People are increasingly surrounded by devices that provide highly precise information. For instance, technologically advanced bathroom scales can now give measurements of weight, body fat, and hydration levels within two and even three decimal places. People can find out exactly how many calories they are eating, how much weight they can lift, and how many steps they walk in a typical day. The overarching belief exemplified by the use of such technologies could be summed up by the phrase, “If I can measure it, I can manage it.” In other words, people seem to believe that precise information increases their likelihood of performing better and meeting personal goals (e.g., improving physical strength or losing weight). People generally prefer precise information over vague information because precise information gives them a greater sense of security and confidence in their ability to predict unknown outcomes in their environment. Despite this preference, we have found that vague information sometimes serves people better than precise information does.Their experiments examined the progress of people towards goals when they were given precise versus vague (error range given) feedback on that progress. Perhaps the most striking example was provided in the weight loss experiment whose participants gained, on average, one pound over the course of the experiment after being given precise feedback, those given vague feedback lost nearly four pounds. Here is their abstract:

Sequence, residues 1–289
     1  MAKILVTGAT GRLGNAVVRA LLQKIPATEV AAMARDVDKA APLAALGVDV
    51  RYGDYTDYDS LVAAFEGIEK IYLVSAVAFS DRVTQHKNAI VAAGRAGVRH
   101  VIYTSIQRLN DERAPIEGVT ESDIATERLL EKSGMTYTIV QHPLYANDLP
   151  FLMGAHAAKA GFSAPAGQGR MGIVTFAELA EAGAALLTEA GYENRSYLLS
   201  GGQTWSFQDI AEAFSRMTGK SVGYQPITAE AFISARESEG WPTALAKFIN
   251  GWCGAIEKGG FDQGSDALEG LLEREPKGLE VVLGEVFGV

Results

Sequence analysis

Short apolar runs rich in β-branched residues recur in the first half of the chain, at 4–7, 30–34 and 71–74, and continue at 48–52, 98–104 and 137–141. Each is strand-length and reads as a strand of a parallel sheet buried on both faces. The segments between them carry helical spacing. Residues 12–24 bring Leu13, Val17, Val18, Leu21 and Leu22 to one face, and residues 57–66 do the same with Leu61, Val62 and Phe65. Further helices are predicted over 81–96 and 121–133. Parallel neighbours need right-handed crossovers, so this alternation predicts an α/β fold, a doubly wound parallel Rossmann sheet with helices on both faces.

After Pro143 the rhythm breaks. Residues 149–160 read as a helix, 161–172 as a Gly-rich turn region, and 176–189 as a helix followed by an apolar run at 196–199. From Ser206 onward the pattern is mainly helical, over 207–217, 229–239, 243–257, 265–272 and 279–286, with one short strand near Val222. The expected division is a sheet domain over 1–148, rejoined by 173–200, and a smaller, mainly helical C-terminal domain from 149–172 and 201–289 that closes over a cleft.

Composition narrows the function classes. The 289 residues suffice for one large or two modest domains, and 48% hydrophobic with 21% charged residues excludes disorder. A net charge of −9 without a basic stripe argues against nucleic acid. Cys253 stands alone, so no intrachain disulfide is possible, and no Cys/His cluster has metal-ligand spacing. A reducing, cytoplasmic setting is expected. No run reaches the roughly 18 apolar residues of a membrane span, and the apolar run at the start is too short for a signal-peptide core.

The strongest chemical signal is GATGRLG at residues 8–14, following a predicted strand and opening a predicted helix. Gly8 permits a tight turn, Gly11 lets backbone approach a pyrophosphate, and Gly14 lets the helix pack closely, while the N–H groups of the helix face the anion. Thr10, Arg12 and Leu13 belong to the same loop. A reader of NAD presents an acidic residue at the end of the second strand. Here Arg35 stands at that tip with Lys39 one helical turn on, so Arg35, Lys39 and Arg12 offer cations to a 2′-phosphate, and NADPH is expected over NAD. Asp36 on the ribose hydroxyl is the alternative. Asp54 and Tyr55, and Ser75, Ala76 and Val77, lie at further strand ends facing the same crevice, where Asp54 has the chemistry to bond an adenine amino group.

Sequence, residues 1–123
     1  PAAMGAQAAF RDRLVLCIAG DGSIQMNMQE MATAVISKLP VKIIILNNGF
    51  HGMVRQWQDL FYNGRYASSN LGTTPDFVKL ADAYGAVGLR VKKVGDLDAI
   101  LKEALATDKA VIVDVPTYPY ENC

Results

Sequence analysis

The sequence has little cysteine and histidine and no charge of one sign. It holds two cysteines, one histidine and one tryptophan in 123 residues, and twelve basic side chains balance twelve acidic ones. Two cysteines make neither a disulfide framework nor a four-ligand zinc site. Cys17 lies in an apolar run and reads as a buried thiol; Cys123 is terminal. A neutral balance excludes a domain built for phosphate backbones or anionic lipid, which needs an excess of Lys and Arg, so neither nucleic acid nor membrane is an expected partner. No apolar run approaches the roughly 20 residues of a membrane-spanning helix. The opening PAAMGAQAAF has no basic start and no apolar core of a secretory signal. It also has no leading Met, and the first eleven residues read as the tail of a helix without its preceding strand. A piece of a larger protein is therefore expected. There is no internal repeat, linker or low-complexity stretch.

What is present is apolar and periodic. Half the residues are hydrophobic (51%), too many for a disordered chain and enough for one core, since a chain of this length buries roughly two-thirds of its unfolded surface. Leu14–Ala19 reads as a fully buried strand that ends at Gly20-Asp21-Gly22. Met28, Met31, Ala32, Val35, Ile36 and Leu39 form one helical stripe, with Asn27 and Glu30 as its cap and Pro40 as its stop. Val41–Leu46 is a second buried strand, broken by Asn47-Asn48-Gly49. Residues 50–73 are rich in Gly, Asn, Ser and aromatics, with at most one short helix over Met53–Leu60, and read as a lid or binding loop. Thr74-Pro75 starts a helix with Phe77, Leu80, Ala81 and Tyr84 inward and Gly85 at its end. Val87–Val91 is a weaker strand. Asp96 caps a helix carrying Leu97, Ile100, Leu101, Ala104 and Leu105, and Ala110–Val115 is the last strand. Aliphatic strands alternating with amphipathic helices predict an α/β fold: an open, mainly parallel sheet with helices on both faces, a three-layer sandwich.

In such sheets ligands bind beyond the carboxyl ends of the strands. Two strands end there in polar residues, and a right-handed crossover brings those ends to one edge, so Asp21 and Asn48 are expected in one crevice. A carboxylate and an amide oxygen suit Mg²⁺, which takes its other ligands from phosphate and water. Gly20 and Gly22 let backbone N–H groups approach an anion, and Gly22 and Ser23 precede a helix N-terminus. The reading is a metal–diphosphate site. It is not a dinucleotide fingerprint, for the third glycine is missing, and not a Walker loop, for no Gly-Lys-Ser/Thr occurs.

Why might individuals perform better when they receive vague information than when they receive precise information? We posit that vague information allows individuals leeway in interpretation so that they form expectancies in accordance with the outcomes that they desire. Further, we posit that these positive expectancies can give rise to favorable performance-related outcomes.
Is the eternal quest for precise information always worthwhile? Our research suggests that, at times, vagueness has its merits. Previous research has demonstrated that people prefer precise information over vague information because it gives them a sense of security and makes their environments more predictable. However, we show that the fuzzy boundaries afforded by vague information can actually help individuals perform better than can precise information. We document these findings across two laboratory studies and one quasi–field study that involved different performance-related contexts (mental acuity, physical strength, and weight loss). We argue that the malleability of vague information allows people to interpret it in the manner they desire, so that they can generate positive response expectancies and, thereby, perform better. The rigidity of precise information discourages desirable interpretations. Hence, on certain occasions, precise information is not as helpful as vague information in boosting performance.